Household responses were solicited against a structured questionnaire developed by the authors and validated before use. The tool contained both closed- and open-ended questions. The head of the household or the most knowledgeable adult member was the respondent, on behalf of the entire household. The questionnaire had separate sections on household level information, individual level demographic information, consumption expenditure, asset ownership, ailment episodes - nature of ailment, choice of treatment provider and component-wise disaggregated expenditure on inpatient, outpatient and chronic ailments.

OOP health expenditure was the sum total of expenditure on doctor consultation, drugs both from the hospital as well as purchased from the market, diagnostic tests, bed charges, personal medical appliances, transport, food and boarding expenses of escorts etc. on IPD, OPD or chronic ailments. The recall period for OPD episodes was two weeks, for chronic episodes was one month while for IPD episodes was 365 days. The aggregate expenditure of each household on these episodes was converted into a common reference period of one month to generate monthly OOP health expenditure of the household.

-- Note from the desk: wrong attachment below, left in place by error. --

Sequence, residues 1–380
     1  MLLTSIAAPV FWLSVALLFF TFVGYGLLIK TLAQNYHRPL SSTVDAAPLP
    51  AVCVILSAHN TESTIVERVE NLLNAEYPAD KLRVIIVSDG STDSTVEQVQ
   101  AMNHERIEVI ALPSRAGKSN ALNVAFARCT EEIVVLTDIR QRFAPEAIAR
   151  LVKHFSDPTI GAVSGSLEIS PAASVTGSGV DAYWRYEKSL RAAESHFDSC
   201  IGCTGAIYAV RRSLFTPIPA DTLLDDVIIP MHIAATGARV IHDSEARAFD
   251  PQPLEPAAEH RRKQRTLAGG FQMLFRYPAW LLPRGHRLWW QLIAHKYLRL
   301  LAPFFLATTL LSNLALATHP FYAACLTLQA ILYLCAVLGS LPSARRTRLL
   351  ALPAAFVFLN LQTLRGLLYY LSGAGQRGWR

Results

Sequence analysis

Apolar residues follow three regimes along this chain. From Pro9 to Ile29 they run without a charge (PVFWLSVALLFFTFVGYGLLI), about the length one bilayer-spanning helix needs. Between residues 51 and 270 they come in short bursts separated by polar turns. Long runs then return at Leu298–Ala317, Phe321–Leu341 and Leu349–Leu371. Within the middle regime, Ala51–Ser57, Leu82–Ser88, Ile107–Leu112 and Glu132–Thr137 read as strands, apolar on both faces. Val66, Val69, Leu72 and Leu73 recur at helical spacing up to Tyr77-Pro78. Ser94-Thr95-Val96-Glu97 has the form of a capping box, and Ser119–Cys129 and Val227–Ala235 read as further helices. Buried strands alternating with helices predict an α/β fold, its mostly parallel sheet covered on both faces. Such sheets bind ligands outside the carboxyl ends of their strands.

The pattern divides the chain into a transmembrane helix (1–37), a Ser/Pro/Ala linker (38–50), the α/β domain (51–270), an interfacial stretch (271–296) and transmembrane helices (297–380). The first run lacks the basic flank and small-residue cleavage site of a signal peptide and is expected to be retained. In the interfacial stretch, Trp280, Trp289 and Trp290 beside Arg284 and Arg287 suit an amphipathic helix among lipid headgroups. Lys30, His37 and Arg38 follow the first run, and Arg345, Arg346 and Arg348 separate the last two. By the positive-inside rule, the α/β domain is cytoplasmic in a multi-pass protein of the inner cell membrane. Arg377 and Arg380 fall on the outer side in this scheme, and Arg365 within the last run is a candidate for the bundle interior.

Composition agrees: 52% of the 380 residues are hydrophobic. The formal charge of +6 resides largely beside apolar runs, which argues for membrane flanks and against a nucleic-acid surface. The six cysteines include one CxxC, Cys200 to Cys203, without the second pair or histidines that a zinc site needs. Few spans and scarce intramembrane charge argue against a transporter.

Total income of households was computed through a proxy i.e. consumption expenditure, which is a more reliable measure than income, which is often misreported. Total consumption expenditure is the sum total of expenditure on food, clothing, education, healthcare (OOP), rents and taxes, utilities, for example, water, fuel, electricity, transportation and miscellaneous. Each of these items had different recall periods in the survey questionnaire, but were converted into monthly estimates and then aggregated to generate household total consumption expenditure.